Dec. 12, 2009— -- "Vanity Fair Magazine" hails Peter Jackson as the director who "has had Hollywood at his feet" and as "one of the very few working directors who can get virtually any project greenlit." The three-time Academy Award-winning director of "The Lord of the Rings" trilogy (2001-2003) and his newest star, Oscar nominee Saorise Ronan, sat down with ABC News Now's "Popcorn with Peter Travers" to promote their new movie "The Lovely Bones."
Based on the haunting bestseller by Alice Sebold, "The Lovely Bones" revolves around a young girl called Susie Salmon (played by Ronan) who lives in Norristown, Pa. On Dec. 6, 1973, while taking a shortcut home from school, she is stopped by her neighbor, George Harvey (portrayed by Stanley Tucci) who ultimately rapes, murders and hides her body.
"The thing about this movie is that the murder is at the beginning … you hear Suzie's narration and immediately know she's in a safe environment and she's OK. The film is about love and hope – Suzie's love for her family and their hope for her," said Ronan.
"The movie is not about the murder, it's what happens after," explains Jackson, "She's stuck in this limbo between Earth and heaven. It's not a physical place … she tells her story in her dreamlike state and in dream imagery. She has to make sense of it and find out where her body is. At the point when she is being killed, we show her spirit running away from it. A lot of the film is mystery. It is a thriller told in the world or dreams or the subconscious."
The movie has a critically acclaimed cast including Oscar winners Rachel Weisz and Susan Sarandon, who play Suzie's mother Abigail and Grandma Lynn, respectively, as well as Oscar nominee Mark Wahlberg, who portrays her father Jack. Ronan held her own among her distinguished cast members as one of the youngest actresses nominated for best supporting actress for her role as Keira Knightley's young sister Briony Tallis in 2007's "Atonement."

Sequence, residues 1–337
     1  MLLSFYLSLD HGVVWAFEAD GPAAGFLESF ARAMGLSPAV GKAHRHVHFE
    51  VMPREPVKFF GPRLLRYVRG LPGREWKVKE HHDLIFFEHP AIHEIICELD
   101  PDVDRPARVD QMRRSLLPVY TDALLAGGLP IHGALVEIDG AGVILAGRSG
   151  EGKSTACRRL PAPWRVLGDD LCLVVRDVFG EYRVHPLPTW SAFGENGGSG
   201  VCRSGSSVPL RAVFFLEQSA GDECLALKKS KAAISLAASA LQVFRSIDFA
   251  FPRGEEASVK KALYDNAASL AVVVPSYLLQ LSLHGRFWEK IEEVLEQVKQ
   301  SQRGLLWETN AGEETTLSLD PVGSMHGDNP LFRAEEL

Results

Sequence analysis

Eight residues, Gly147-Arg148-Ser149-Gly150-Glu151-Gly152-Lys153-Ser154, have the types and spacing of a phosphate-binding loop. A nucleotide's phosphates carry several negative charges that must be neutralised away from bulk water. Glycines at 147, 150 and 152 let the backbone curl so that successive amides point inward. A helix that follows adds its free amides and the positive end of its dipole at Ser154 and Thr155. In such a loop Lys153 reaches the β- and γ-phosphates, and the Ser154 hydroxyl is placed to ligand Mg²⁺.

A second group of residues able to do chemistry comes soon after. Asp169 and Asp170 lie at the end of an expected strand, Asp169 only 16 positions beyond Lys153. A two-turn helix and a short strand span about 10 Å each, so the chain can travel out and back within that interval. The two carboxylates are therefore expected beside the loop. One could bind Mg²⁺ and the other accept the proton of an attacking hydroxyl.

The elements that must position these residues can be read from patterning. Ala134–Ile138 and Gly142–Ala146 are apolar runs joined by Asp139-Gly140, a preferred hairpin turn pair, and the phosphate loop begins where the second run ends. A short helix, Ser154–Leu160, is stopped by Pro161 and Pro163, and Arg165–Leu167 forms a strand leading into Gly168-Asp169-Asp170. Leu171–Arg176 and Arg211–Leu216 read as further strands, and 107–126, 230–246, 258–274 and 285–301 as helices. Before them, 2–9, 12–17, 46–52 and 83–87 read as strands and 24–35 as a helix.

Jackson even credits 15-year-old Ronan with playing a maternal figure off screen with Tucci, who struggled, as a father of three, with his role as a serial-killing pedophile.
"I could see how upsetting it was for Stanley. He was giving everything to the movie. At the end of each take, Saorise would go up to him to give him a hug. We all knew how tough it was for him," noted Jackson.
"He is such a kind and gentle man who is a father himself. It was tough to play a role like that – very brave of him," affirmed Ronan.
Both Jackson and Ronan grew up without siblings and, in a sense, found their larger family in film.
"It is different and always great to become part of a bigger family when working on a movie," reflected Ronan, adding, "I have wonderful parents. I got a lot of attention but the right kind of attention, I had a great childhood."
In fact, growing up as an only child helped her acting career because she was able to retreat to her room on her own, make up scenes and act them. "This sounds nerdy and sad, but from a very early age, I would perform scenes in my bedroom. I would do both parts. Mom would pass by my room and hear me talking to myself."
This solitary childhood is also reflected in Jackson's upbringing in New Zealand and in a way, also helped launch his career as a filmmaker. He was a loner growing up and was, therefore, drawn to stop motion animation because it was something he could do on his own.